The Wonky Food Truck

Guest Post by Rachael Seda

I know, I know, the anticipation was killing you. Well it’s the day you’ve all been waiting for, the second part of my interview with entrepreneur and food trucker extraordinaire, Jeff Kelley!

(If you missed part one, then drop everything you’re doing and go read Reviving the Customer Experience – One Food Truck at a Time: Part 1 first. It’s ok, we’ll wait.)

Jeff already told us all about how he got involved in the food truck business, his marketing lessons and advice, what inspired him to start Food Truck Advisors, and how he thinks the food truck industry is reviving the customer experience.

Now it’s time to talk about the rise of the food truck phenomenon, its head-on collision with the explosion of social media, and how social changed the game.

Image: Courtesy of Jamie R. Liu

RS: Did you use social to promote your truck, and is social media a key element you advise your clients on?

JK: Oh absolutely. Social media is why food trucks exist, right? It’s why trucks exist in the format they exist today.

Before Twitter there really was no way to know where someone was serving from in real time. I mean you could say, “I think we’re going to be at this intersection.”

But what if there’s no parking? What if something goes wrong and you get a flat tire and you leave late from your commissary kitchen? There was no real way to tell people, and if you’re 15 – 20 minutes late and people have very limited lunch breaks, so it becomes irritating.

Twitter changed all that. Trying to build a Twitter following is a big part of social media strategy for food trucks and it affects the overall customer experience.

The social media outlet people use varies (Facebook, Twitter, etc.) but in Washington D.C., Twitter is really the root of all social media for food trucks.

Lesson: Social media allows you to connect and communicate with a large audience of people, but it also allows you to build a community and give your customers a more intimate experience. Use it to your advantage, be proactive and go where your audience is.

In an event of a crisis or unexpected event (like a food truck having a flat tire) having a timely, quick and effective way to communicate to your audience (aka a social media crisis plan) can mean the difference between losing loyal customers or strengthening their trust and loyalty to your business. 

When did you realize you needed to incorporate Twitter as part of your own food truck marketing strategy?

When I saw how Kogi BBQ in California used Twitter; to leverage it as a resource to connect with people in a meaningful way, to communicate in real time their location or what was going on with their company.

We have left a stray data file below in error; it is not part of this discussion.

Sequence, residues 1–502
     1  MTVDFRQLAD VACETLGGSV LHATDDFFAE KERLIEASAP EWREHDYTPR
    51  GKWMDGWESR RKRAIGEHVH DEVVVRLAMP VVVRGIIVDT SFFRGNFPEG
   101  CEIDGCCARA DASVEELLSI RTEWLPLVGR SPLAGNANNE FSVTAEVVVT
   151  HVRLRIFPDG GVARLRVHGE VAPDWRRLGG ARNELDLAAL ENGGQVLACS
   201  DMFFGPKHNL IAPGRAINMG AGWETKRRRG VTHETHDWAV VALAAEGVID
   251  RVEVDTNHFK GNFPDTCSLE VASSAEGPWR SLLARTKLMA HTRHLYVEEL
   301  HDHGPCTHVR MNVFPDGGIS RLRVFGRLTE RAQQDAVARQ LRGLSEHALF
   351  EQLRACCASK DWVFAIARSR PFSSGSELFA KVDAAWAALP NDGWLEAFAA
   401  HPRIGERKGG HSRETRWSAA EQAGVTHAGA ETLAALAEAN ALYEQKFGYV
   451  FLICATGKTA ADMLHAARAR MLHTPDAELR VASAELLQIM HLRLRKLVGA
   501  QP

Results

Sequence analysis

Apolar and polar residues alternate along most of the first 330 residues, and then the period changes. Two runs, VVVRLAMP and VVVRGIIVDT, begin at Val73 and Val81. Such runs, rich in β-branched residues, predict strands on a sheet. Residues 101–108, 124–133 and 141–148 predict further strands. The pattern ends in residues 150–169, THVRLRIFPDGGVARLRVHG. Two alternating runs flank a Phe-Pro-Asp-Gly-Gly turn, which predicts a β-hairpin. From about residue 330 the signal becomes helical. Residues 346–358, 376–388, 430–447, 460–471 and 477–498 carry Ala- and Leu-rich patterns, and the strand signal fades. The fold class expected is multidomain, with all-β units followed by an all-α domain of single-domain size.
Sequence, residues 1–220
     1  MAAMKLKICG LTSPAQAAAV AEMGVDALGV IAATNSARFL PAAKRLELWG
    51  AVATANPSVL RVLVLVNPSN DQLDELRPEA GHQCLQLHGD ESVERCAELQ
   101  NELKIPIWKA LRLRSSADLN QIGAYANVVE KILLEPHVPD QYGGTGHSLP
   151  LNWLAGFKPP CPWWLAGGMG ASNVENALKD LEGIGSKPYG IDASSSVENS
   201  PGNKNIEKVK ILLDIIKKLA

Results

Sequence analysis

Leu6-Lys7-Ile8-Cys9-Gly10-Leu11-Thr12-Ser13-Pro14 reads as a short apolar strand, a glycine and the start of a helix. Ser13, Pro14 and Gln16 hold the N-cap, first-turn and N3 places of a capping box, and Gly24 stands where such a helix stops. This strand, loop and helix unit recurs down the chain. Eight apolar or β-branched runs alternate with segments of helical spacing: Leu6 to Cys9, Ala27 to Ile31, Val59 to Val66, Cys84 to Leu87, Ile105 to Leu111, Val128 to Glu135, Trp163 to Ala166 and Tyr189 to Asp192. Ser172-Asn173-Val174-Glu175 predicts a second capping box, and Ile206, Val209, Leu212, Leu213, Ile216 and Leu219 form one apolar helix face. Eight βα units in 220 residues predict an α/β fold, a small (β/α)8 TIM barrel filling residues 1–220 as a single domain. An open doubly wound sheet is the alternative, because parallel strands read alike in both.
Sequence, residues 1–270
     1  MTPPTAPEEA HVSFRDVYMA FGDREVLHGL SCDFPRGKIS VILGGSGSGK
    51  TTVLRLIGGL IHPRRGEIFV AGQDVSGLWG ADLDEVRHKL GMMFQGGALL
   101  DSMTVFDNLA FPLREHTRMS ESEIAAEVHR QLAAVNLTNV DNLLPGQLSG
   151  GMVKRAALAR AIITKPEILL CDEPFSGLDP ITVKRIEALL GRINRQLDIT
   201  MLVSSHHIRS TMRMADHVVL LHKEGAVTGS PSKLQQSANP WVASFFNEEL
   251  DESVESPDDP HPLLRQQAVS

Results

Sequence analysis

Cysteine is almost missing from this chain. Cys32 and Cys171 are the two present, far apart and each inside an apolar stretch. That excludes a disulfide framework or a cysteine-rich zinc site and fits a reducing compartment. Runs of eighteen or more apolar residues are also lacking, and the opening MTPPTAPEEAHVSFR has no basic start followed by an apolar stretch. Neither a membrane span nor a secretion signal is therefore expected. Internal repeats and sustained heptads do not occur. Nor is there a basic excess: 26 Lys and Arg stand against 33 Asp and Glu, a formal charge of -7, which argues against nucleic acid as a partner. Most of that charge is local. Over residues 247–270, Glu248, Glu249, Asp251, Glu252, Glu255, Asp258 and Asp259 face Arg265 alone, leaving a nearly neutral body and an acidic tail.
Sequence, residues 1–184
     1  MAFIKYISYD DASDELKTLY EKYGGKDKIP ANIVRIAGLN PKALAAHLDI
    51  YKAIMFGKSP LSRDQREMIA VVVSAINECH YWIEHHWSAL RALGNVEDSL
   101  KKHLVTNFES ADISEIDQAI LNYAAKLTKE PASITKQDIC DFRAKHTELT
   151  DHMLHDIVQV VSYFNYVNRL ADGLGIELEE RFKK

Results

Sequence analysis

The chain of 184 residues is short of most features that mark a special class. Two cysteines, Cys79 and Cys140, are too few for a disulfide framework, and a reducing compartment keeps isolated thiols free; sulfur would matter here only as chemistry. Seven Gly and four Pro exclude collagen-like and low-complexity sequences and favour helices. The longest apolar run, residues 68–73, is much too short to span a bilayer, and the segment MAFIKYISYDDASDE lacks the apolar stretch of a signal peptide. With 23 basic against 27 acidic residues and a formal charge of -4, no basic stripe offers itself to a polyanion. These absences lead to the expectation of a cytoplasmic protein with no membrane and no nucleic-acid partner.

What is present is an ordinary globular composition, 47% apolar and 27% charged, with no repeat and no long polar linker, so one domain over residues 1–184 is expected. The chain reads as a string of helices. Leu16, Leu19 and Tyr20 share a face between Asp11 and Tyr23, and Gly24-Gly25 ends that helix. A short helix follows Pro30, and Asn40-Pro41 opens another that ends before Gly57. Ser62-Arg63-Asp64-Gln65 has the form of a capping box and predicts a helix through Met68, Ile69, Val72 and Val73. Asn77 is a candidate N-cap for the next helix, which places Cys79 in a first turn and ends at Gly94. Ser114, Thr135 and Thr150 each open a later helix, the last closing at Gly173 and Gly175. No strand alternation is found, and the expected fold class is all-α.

Kogi BBQI didn’t really use Twitter before that; I didn’t really know how to leverage it so I had to learn.

But it’s a combination of the relationships you build with foodies in the city, because they’re all on Twitter, right? They’re talking about their interests, their food reviews … it’s fascinating just watching them build relationships.

They all link back to their blogs and newsletters or even print media via Twitter; even the food writers from the Washington Post are active on Twitter.

So you really have to take this kind of integrated approach to ultimately get to what you want – which is a nice Twitter following which amounts to a group of regulars.

Image: sherrymain via Flickr, CC 2.0

Lesson: An integrated approach is key. Social media doesn’t mean you drop all traditional public relations, communication and marketing tactics, it means you must integrate a social media strategy into your overall communication and marketing strategy in order to be successful.

What do you think are some key marketing elements for success in the food truck industry besides what you may have already mentioned?

ice cream food truckSimple food, a distinctive concept, fun and engaging service, for starters. And it must be sustainable success.

One big “pop” because it’s a novel concept isn’t going to help; it must sustain itself over time. You could be stronger in one area and weaker in another, but if you nail all three then you’re going to hit it out of the park.

I also think timely response to customers is huge. Be aware that you’re under a microscope at all times, and you have to be engaged in constant communication on Twitter.

So if you’re going to put yourself into that world, you have to be responsive to people, you have to respond appropriately, and you have to remember that there’s always an open line of communication.

That means that you have to take responsibility, if you mess something up. There’s always going to be something you don’t do right – maybe the food wasn’t prepared properly for a particular customer or maybe you showed up late – you just have to own whatever it is.

If you show genuine concern and you handle it in an authentic way, the customers value that, and loyalty builds over time.

Image: miamism via Flickr, CC 2.0